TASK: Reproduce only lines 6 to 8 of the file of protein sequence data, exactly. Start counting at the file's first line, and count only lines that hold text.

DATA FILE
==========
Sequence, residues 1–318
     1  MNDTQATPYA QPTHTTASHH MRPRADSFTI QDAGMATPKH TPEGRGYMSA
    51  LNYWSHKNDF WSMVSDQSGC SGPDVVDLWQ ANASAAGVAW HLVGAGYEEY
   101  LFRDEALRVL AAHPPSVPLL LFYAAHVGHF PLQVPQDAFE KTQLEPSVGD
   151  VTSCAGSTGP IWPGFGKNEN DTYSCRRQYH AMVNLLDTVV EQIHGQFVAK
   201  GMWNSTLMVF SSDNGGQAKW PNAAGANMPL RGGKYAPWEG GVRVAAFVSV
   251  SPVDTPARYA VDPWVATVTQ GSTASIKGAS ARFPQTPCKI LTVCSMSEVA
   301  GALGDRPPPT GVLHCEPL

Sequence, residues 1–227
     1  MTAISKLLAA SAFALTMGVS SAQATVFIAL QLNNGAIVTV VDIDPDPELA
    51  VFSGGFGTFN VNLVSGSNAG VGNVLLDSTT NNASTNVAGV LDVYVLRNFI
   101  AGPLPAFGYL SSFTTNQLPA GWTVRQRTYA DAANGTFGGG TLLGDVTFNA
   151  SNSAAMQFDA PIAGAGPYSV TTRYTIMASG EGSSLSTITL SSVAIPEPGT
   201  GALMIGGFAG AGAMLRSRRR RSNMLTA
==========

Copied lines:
   201  GMWNSTLMVF SSDNGGQAKW PNAAGANMPL RGGKYAPWEG GVRVAAFVSV
   251  SPVDTPARYA VDPWVATVTQ GSTASIKGAS ARFPQTPCKI LTVCSMSEVA
   301  GALGDRPPPT GVLHCEPL